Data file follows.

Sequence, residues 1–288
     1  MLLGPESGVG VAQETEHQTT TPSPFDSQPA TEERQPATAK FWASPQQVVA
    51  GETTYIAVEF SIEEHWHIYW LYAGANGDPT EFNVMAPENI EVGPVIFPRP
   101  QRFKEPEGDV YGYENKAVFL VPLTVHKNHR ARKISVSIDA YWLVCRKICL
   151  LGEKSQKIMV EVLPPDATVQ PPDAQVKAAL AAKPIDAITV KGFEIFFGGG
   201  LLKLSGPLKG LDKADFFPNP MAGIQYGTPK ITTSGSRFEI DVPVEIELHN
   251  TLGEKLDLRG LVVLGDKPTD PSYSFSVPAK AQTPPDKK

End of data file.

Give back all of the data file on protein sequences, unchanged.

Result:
Sequence, residues 1–288
     1  MLLGPESGVG VAQETEHQTT TPSPFDSQPA TEERQPATAK FWASPQQVVA
    51  GETTYIAVEF SIEEHWHIYW LYAGANGDPT EFNVMAPENI EVGPVIFPRP
   101  QRFKEPEGDV YGYENKAVFL VPLTVHKNHR ARKISVSIDA YWLVCRKICL
   151  LGEKSQKIMV EVLPPDATVQ PPDAQVKAAL AAKPIDAITV KGFEIFFGGG
   201  LLKLSGPLKG LDKADFFPNP MAGIQYGTPK ITTSGSRFEI DVPVEIELHN
   251  TLGEKLDLRG LVVLGDKPTD PSYSFSVPAK AQTPPDKK